Broken lead

Discussion in 'Electronics Repair' started by Rikketyrik, May 14, 2011.

  1. Rikketyrik

    Rikketyrik

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    May 14, 2011
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    I am working on a project to replace some bad caps in my TV. While removing one of the caps, the lead broke in the pcb. I tried to get it out by:

    - Adding more solder to try and liqufy what was left in the hole
    - Heating and pushing\pulling

    Ultimately, the lead is now to the point where it is flush with the pcb, and I can't get the solder to melt enough to push it through. The back side has been overheated...hopefully it looks worse in the picture than it really is.

    Is it possible to just clip the lead of the new replacement capacitor to length, and solder it to what is left in the hole? I will have to of couse secure so it doesn't break in the future.

    I could drill it out, but I'm not sure on how to repair the hole if it gets worse. The cap is a 470u 35v.

    Thanks in advance for any advice.

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    Rikketyrik, May 14, 2011
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  2. Rikketyrik

    Resqueline Moderator

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    You need more heat from the iron, it's the only viable solution. The track seems to have survived the abuse btw..
    The capacitor leads needs to be short for the high-frequency decoupling properties to be effective. I'd hesitate to use that solution.
    If you can't get your hands on a better iron I'd try to insulate the one you have with fibre-glass cloth or something similar to raise its temperature.
    Drilling it out with the lead in place will only result in a broken through-plating; don't do it.
    Last edited: May 14, 2011
    Resqueline, May 14, 2011
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  3. Rikketyrik

    Rikketyrik

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    There isn't much near the bad lead....will more heat damage the pcb or the connection itself? I will have to keep the iron on the lead for a while to get it heated enough. I was trying to be careful to not damage anything else.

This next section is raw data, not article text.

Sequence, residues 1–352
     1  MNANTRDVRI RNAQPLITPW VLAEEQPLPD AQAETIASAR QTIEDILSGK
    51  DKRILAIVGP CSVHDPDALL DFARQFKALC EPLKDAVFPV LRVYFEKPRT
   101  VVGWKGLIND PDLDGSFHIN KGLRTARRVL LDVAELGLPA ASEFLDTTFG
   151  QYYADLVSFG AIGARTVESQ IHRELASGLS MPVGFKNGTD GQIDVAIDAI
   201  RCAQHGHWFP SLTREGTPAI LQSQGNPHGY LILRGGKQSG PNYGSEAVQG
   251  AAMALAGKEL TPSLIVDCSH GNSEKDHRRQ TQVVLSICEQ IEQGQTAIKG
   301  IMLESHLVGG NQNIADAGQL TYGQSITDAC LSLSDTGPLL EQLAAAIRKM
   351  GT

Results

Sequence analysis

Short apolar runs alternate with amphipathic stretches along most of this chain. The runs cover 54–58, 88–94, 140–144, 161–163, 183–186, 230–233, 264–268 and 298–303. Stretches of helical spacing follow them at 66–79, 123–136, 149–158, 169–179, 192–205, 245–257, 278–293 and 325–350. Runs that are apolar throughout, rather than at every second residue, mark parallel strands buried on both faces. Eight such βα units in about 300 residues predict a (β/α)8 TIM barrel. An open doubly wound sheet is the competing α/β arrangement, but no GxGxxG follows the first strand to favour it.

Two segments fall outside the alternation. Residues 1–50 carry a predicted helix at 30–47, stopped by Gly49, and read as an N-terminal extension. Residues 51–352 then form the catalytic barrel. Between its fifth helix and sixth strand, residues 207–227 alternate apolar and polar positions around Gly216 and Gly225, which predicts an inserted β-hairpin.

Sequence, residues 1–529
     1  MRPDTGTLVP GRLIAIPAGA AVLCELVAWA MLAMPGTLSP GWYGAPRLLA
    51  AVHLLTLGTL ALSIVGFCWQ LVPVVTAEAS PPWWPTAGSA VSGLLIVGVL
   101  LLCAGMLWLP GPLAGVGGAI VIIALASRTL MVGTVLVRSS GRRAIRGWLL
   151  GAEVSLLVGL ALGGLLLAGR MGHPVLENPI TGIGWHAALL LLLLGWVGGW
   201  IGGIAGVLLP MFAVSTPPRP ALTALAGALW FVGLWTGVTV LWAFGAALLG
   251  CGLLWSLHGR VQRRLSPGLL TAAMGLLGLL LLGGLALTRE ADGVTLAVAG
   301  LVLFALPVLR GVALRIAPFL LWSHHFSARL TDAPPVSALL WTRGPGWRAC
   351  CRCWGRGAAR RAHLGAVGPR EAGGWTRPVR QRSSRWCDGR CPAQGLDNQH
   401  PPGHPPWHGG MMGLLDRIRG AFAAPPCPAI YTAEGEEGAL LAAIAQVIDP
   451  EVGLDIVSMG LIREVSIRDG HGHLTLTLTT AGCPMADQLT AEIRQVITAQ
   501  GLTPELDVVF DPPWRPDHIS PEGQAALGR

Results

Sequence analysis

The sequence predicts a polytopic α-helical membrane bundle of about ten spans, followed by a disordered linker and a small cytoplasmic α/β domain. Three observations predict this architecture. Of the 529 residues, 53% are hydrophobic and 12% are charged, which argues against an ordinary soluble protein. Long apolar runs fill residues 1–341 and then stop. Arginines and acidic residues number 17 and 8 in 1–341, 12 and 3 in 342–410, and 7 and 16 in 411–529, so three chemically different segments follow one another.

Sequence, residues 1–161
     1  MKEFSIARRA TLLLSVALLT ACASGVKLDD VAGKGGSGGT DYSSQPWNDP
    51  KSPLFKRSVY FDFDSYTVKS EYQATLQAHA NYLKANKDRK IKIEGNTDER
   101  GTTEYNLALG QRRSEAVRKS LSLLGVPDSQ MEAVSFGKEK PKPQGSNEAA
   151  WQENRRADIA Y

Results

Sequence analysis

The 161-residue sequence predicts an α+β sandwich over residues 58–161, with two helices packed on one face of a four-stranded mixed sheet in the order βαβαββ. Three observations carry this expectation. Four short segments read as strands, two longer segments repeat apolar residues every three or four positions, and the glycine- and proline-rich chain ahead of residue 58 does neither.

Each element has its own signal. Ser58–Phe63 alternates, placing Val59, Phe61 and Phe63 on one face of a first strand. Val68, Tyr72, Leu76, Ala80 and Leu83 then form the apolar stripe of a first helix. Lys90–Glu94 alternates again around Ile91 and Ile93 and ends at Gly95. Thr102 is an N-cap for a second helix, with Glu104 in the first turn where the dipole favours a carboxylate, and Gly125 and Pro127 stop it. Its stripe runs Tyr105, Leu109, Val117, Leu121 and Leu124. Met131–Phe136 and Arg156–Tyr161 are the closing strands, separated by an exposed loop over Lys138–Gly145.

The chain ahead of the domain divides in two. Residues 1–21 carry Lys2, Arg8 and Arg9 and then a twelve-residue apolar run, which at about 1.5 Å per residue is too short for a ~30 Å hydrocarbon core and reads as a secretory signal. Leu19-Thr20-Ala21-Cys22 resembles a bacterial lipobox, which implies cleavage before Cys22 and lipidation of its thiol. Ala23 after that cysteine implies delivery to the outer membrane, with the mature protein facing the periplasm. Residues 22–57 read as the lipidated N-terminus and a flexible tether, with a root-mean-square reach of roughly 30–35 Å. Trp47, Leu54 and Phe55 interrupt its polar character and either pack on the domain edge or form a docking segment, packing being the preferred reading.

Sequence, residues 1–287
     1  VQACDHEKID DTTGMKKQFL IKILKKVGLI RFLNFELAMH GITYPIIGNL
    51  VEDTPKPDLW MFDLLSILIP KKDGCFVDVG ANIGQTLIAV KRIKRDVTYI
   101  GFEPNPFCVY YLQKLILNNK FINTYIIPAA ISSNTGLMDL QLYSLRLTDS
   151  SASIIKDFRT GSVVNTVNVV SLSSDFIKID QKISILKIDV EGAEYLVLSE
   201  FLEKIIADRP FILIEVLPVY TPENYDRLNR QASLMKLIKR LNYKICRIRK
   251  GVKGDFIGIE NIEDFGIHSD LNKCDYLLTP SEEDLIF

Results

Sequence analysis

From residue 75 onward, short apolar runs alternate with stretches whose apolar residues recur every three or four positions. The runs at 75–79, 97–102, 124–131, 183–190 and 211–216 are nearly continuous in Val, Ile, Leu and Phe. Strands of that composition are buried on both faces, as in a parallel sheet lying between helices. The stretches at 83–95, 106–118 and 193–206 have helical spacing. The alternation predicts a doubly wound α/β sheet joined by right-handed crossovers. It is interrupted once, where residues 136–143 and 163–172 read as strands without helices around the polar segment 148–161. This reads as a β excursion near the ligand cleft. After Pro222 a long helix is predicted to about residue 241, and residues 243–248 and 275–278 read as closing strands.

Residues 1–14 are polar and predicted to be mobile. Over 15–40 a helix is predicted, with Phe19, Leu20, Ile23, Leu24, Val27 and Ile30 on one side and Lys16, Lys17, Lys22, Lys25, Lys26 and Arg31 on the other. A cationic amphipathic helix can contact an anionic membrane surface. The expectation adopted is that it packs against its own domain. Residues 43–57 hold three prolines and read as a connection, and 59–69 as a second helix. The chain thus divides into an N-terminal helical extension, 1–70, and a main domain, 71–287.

The iron I have is a 30 watt pencil from Radio Shack. (Found a 40 watt Weller after I bought this one....bleh).
    Last edited: May 14, 2011
    Rikketyrik, May 14, 2011
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  4. Rikketyrik

    Resqueline Moderator

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    Damage is a function of time & temperature. A too low temperature (resulting from too low power or mass) results in too long time used, possibly resulting in damage.
    A too high temperature can also lead to damage both due to the temperature itself and the difficulty of finishing the job in the "half of a second" required at that temp.
    I used a 30W pencil for decades and could do most jobs with it. I noticed a difference when putting a long tip on it though; the increased area gave a lower temperature.
    If you also put a short & thick copper tip on it could be better able to heat the area sufficiently quickly. Sufficient mass & temperature can compensate for low power.
    Resqueline, May 14, 2011
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  5. Rikketyrik

    Rikketyrik

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    Was able to finally get it....bought a nicer soldering iron with a sharper tip to it. (returned the radio shack pencil). Using the newer tip, I was able to push it through....took a while though.
    Rikketyrik, May 14, 2011
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